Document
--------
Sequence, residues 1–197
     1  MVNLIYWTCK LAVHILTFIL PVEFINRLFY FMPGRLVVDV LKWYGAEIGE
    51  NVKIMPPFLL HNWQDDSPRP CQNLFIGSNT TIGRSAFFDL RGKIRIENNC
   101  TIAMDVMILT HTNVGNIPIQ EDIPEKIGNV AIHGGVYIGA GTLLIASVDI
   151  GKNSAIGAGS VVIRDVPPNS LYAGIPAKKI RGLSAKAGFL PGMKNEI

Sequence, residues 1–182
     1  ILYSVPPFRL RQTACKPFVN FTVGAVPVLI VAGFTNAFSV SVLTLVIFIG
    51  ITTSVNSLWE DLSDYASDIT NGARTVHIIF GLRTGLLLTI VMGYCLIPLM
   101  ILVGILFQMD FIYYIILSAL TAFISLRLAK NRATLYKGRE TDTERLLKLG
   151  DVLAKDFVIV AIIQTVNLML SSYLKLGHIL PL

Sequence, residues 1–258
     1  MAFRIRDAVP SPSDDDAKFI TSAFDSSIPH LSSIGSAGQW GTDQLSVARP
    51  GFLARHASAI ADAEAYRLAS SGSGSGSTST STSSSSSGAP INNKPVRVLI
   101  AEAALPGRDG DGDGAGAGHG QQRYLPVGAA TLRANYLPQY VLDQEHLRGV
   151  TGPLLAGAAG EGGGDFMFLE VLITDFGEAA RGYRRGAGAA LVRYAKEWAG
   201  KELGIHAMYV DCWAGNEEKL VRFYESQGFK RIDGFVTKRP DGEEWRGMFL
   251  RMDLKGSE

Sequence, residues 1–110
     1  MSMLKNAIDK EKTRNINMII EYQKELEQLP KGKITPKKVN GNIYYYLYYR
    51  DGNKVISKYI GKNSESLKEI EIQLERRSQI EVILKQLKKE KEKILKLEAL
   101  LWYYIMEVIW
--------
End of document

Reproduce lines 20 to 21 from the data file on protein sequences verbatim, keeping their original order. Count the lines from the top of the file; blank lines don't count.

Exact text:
    51  DGNKVISKYI GKNSESLKEI EIQLERRSQI EVILKQLKKE KEKILKLEAL
   101  LWYYIMEVIW